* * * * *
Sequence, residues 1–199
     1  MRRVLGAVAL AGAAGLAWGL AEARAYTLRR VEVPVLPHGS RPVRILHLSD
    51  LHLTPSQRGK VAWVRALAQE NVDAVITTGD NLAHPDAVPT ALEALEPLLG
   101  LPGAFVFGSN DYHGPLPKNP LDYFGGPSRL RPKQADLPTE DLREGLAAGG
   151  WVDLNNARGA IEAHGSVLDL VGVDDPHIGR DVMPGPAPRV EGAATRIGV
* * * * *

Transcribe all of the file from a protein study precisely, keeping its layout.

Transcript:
Sequence, residues 1–199
     1  MRRVLGAVAL AGAAGLAWGL AEARAYTLRR VEVPVLPHGS RPVRILHLSD
    51  LHLTPSQRGK VAWVRALAQE NVDAVITTGD NLAHPDAVPT ALEALEPLLG
   101  LPGAFVFGSN DYHGPLPKNP LDYFGGPSRL RPKQADLPTE DLREGLAAGG
   151  WVDLNNARGA IEAHGSVLDL VGVDDPHIGR DVMPGPAPRV EGAATRIGV